Sea History 123 - Summer 2008

Page 39

~N\M~\...~ \N 9r.~ s'{

\?t~F\(l9 ~ttJ'r


(fD ~~ o (?({~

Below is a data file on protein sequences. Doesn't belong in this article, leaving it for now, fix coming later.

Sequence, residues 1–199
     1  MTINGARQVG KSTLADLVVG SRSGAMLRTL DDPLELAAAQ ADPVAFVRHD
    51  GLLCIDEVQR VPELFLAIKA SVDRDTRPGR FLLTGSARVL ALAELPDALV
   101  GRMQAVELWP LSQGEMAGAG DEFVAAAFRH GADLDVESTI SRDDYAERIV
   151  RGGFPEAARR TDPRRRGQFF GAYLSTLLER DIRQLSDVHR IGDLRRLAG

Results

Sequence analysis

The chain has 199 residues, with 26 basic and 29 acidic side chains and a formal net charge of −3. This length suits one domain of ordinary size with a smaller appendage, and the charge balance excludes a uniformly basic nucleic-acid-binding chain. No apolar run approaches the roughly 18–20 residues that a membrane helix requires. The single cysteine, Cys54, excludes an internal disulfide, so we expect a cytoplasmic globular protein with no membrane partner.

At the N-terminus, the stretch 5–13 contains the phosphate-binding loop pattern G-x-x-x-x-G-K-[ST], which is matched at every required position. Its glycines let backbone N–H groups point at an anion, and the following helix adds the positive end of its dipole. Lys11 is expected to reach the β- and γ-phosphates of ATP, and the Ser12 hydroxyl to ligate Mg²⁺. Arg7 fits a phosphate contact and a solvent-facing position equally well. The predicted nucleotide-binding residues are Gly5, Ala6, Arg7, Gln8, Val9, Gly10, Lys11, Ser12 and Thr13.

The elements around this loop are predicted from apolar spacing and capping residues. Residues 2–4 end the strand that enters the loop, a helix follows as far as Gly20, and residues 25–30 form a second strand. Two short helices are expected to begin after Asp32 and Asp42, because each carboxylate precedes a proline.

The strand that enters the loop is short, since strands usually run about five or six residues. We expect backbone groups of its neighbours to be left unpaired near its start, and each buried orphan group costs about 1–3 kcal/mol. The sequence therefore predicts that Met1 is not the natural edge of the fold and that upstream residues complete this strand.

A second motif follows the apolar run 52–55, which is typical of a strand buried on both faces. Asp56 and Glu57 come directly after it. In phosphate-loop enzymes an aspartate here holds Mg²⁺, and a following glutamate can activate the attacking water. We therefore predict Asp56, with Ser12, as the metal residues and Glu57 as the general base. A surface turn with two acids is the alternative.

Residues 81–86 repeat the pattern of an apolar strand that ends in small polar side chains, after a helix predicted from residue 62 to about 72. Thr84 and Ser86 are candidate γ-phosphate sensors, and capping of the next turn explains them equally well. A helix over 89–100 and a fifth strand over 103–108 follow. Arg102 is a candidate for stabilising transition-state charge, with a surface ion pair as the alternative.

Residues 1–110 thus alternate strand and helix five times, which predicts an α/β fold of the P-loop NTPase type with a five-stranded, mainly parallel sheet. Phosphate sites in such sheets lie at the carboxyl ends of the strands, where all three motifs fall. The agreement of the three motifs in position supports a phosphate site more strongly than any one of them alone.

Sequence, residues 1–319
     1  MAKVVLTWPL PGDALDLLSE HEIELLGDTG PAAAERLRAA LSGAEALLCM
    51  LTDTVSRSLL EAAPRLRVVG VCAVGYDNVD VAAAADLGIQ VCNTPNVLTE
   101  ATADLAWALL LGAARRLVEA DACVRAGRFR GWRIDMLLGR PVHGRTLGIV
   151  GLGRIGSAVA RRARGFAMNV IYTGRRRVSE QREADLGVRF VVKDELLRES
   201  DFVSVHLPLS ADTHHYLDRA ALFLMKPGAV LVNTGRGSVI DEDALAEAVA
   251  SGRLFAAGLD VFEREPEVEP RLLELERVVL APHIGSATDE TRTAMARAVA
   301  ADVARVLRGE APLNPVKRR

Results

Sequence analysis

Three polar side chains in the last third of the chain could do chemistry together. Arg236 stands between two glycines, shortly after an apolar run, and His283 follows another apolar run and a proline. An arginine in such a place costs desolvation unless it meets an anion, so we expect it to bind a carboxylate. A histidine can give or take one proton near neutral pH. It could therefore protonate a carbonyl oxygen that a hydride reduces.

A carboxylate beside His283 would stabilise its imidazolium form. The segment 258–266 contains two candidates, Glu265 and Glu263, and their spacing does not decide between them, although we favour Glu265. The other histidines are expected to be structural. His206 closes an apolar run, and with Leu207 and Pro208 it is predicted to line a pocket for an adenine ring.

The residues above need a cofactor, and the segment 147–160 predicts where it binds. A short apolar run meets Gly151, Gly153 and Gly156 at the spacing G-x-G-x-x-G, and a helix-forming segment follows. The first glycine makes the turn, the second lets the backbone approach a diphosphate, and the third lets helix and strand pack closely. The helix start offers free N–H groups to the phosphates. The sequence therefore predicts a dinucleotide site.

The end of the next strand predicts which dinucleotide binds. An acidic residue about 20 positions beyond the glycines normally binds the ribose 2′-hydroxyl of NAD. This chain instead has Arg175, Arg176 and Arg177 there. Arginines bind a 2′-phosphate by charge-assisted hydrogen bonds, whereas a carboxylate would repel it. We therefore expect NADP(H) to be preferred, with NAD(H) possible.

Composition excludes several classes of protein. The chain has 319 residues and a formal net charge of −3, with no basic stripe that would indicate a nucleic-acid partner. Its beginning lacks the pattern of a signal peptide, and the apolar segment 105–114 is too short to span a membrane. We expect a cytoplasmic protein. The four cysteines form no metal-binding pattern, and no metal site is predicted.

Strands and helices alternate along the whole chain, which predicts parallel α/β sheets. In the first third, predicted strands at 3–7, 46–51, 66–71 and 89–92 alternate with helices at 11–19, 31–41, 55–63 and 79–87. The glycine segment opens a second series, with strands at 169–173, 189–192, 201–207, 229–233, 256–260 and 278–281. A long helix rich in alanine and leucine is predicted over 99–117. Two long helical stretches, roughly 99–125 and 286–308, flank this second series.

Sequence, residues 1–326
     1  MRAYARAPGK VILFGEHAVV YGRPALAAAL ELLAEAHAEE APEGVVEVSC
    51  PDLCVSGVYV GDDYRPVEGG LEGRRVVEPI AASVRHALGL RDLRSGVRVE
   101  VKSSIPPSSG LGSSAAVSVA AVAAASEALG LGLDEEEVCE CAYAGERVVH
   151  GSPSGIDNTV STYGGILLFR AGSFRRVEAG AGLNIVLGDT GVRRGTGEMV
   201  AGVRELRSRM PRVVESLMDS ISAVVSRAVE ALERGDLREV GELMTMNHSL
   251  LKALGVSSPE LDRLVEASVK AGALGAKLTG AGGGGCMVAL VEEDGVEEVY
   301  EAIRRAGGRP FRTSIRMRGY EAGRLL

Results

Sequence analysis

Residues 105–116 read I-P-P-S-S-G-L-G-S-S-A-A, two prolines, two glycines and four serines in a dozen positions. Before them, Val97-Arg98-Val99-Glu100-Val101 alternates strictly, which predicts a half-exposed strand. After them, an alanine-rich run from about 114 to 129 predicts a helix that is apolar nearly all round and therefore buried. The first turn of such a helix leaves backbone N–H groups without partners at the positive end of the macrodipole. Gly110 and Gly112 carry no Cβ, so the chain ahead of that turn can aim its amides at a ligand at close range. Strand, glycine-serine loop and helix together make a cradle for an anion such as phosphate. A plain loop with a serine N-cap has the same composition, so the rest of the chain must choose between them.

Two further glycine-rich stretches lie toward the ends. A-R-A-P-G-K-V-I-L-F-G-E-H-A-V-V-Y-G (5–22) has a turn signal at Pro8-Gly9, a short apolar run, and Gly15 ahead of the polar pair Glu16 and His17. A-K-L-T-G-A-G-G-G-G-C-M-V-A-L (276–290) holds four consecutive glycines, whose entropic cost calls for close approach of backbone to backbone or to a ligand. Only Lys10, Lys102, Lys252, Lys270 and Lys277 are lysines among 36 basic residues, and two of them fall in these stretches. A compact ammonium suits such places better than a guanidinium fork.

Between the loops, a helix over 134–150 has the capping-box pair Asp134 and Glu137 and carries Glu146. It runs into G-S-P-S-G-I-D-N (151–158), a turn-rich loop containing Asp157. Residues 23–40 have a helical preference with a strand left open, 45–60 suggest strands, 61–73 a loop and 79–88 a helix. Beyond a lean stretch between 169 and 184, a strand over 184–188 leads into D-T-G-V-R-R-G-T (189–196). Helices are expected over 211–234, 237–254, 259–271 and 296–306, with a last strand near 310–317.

n 1834 author Ralph Waldo Emerson was traveling {kl /J through Boston in a carriage. A sailor sitting beside him told an extraordinary story. For many years the people of New Engv ~(!> 5) land knew of a white whale, called "Old Tom," who fought back (:{' against the whalemen who were trying to kill him for his oil. Emerson wrote that this white whale "crushed the boats to small bur covered in white patches, spots, and scratches. The white chips in his jaws, the men generally escaping by jumping over- whale that Reynolds described, however, might have been an alboard & being picked up." The sailor explained that bino, meaning it was born without the normal pigment the whalemen eventually caught Old Tom in in its skin. Though rare, white or colorless individuals the Pacific Ocean, off Peru. occur in most animals, including birds, chimpanzees, Five years later, Jeremiah elephants, and humans. It seems that Amos Smalley, a Reynolds wrote a magazine arNative American whaler from Martha's Vineyard, killed ticle about a sailor in the Pacific a white sperm whale in the South Atlantic in 1902. A few who said he had killed a white years ago, the author and adventurer, Tim Severin, wrote about a whale. This white whale was not white sperm whale witnessed by Pacific Islanders. At least two difcalled Old Tom but was known as ferent white sperm whales have been photographed in the Pacific, "Mocha Dick," combining the name as have an albino whale shark and, just this winter, a white killer of a local island off Chile, Mocha Iswhale. There is a white humpback whale, called Migaloo, which land, and the nickname for Richard. The sailor said this white whale was very old, seventy feet long, and had twenty harpoons stuck in his skin from whalemen that had failed to kill him. The whale was as "white as wool" and "white as a snow-drift." Herman Melville may have gotten part of his idea for his famous novel, Moby-Dick, from Reynolds's magazine article. Moby-Dick is about a character named Captain Ahab, who convinces his crew to go hunt a white whale. The animal, Moby Dick, eventually defends himself by attacking the whaleship and sinking it, leaving only one man, called Ishmael, to survive and tell the story. The white killer whale was spotted with its pod about two miles Emerson, Reynolds, and Melville all describe a sperm whale, offAlaska's Aleutian Islands on 23 February 2008. which is the largest species of whales with teeth. Like all whales, they are mammals-meaning they breathe air, are warm-blood- observers off Australia have been watching for years. Then there's ed, and give birth to live young. Biologists think that sperm a completely pink bottlenose dolphin found last year in the inwhales eat mostly squid and Esh, for which they can dive well land waters of Louisiana-but that's a whole other story! over a half-mile beneath the surface without taking a breath of In the next issue you'll read about sea snakes and how they air for over an hour! Many years ago, hunters prized these whales saved the life of the ancient mariner. i, because they have a substance in their long, blunt forehead called 'spermaceti,' which people used to make sps?M V·H -\-AL2 candles. Today, perhaps 300,000 sperm whales ( \'t\YSETt:=~ tv\~c:.~oC€f\-4,0-LiJS.j swim throughout the world's oceans. The sperm whale's skin is dark grey or brownish. So, are there really white whales? A couple FL\J f:cS species of much smaller whales, like the beluga, are indeed all white. Melville's fictional sperm whale, Moby Dkk, ~ notcompl~ely~ire 1 -~-------·----------------~-~--~~~~ fv'\h\..-cS Vi' TCl 6 0 r ee.T; l-\\<;\O~ \C. ~\>O~'fS i;;·ve:r-J l.A'.lllE:,61<? SEA HISTORY 123, SUMMER 2008